by Craig Howieson
Things can get dark for anyone once in a while. As clouds gather, setting your mind racing through disastrous thoughts, you try to make sense of that which surrounds you. Often to no avail.
Jordan Moser isn’t afraid of the dark. In fact on Long Night, his label debut for Keeled Scales, the Texan invites it in, staring down the demons that torment not just him, but all of us.
“You thought it’d pass when the season changed.” This crushing line is our introduction to the album. It is a line typical of the no holds barred honesty displayed throughout Long Night, where Moser reveals himself as a contemplative, wandering soul, soaked in an age old cynicism and plainspoken wisdom.
Throughout the record he does little to take the edge off his lyrics of love, loss, companionship and death. Instead, he leaves it up to the music to soften the blow. The trundling spin of his outlaw country coils in lap steel and brushed drums as it crawls into your subconscious- the humidity of the south palpable in its lurching gait. There are acres of space around the voices and instrumentation, as if to mimic the Texas’ landscape. Exquisite flickers of plucked guitar and weeping organ kick up plumes of dust before they are gone in the wind. While above it all, the buzzing timbre of Moser’s voice floats and stings in equal measure.
Moser also masks an underlying humour within his lyrics that prevent things from getting too heavy. Love Is Gonna Test You finds more than a trace of a wink in his eye as he sings, “Love to me was a hedonistic pleasure cruise / You should have seen my face / When I got the news.” The track threatens to run away with itself as the drums kick in on its second half. As the whip cracks, it makes you want to hitch yourself to the wagon and join it on its lonesome path.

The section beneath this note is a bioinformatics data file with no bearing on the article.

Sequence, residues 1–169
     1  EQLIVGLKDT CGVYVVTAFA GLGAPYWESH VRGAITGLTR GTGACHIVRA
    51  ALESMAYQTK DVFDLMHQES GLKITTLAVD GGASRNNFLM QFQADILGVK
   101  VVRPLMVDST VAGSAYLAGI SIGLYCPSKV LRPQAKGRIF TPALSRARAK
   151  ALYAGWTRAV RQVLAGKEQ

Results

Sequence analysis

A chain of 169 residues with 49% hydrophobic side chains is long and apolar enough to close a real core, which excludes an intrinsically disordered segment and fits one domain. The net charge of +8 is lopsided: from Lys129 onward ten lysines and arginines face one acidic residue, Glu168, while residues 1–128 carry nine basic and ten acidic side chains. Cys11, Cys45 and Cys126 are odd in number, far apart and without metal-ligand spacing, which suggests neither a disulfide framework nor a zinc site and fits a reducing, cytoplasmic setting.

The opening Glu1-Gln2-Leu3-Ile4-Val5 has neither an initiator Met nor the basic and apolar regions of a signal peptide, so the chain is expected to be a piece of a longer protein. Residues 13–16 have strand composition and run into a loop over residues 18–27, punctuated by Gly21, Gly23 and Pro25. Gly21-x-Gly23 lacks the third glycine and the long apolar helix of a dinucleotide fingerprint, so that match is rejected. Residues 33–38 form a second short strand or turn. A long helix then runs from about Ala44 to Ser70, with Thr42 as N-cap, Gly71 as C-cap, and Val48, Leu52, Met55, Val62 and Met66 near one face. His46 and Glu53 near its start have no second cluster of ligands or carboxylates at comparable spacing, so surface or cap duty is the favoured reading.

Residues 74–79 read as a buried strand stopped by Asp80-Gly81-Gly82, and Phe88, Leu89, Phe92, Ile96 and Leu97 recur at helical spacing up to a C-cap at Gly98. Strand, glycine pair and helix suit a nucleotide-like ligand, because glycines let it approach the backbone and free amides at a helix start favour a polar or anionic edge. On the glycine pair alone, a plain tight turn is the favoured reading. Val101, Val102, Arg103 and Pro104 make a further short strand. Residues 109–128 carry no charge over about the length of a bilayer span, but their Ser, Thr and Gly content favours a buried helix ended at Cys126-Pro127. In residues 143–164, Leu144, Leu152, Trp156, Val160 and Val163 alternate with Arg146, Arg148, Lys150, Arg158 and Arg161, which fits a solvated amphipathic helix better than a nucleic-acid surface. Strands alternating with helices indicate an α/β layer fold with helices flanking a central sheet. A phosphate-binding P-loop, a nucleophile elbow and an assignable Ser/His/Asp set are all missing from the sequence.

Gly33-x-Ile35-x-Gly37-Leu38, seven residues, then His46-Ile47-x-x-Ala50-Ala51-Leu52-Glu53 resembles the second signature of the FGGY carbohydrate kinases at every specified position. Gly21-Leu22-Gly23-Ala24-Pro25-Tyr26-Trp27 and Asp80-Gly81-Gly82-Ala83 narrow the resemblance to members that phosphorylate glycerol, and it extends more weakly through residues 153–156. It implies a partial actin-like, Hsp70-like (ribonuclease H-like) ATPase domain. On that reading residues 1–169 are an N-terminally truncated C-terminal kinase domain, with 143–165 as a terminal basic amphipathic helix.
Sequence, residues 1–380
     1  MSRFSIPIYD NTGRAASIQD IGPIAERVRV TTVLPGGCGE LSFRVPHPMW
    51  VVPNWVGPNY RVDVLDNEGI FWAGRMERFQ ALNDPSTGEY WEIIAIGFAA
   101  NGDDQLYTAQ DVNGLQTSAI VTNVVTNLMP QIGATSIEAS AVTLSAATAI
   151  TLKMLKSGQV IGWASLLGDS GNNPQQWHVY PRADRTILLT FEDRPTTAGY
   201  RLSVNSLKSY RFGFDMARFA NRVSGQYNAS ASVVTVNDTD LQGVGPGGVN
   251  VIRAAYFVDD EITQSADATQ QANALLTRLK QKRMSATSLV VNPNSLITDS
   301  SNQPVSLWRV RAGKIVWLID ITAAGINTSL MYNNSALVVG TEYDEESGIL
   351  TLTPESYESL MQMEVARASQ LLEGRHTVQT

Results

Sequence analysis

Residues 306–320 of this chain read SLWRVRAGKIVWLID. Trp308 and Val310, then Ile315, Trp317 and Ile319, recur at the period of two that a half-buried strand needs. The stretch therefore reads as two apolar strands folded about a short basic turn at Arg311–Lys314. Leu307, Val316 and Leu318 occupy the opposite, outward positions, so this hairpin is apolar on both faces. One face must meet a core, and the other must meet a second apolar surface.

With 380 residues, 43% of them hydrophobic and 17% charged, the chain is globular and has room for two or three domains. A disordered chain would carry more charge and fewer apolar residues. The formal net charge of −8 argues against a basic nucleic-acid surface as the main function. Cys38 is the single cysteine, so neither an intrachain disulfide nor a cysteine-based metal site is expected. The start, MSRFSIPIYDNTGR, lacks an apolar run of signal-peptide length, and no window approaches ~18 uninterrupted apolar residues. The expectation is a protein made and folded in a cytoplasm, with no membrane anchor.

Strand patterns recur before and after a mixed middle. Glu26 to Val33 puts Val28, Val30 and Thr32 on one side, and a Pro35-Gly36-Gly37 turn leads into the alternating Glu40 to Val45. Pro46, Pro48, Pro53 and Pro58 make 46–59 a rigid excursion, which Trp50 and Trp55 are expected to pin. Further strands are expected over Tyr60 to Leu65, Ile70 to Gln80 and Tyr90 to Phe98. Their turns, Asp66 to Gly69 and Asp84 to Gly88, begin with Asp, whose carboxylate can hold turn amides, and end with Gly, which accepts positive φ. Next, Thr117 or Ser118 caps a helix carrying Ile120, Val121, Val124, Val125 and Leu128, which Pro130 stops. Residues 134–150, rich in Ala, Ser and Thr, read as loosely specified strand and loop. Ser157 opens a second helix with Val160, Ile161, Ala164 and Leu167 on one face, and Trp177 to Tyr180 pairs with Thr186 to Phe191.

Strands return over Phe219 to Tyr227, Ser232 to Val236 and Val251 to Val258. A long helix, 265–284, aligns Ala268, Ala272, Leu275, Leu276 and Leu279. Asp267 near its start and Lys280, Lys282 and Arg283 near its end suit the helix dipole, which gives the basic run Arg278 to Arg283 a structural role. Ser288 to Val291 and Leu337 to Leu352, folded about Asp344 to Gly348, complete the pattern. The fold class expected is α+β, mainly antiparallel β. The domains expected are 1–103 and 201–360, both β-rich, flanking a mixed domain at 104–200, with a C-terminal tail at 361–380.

The immensely talented, Austin based singer/songwriter, Molly Burch, appears on every track on Long Night- her voice the rose among the thorns of Moser’s barbed musings. On the album’s stunning closer, Road To Trouble, Moser embraces his fatalistic side (“I don’t care what they say / We were on the road to trouble anyway”) as the two embark on a classic country duet, swapping verses in their own ode to Baez and Dylan. As clouds of lazy lap steel envelop the song, it is like capturing the last dying moments of the day before steadying yourself for the long night ahead.
Long Night is a record filled with a truthful brutality. As Moser sings, “When I get this dying done / Quit dragging my shadow cross the sun / I’ll be blasting off without a sound” on Between The Stars, it is a recognition of the fleeting nature of time and our tiny stature within the greater scheme of things.
Sometimes, looking at life with all of its ugliest aspects left in can be the most cathartic thing. Meeting your devils head on with a smile on your face, safe in the absurdity of it all. Life after all is yours to make of what you wish. Long Night may be dark, but it is also darkly comic. Moser never lets himself stray too far into despair, at all times retaining a humour at the core of his ponderings on the peculiarities of life.
It’s easy to get lost in the shadows, losing sleep over things you can’t change. This record is the perfect company for those long nights.
Secret Meeting score: 83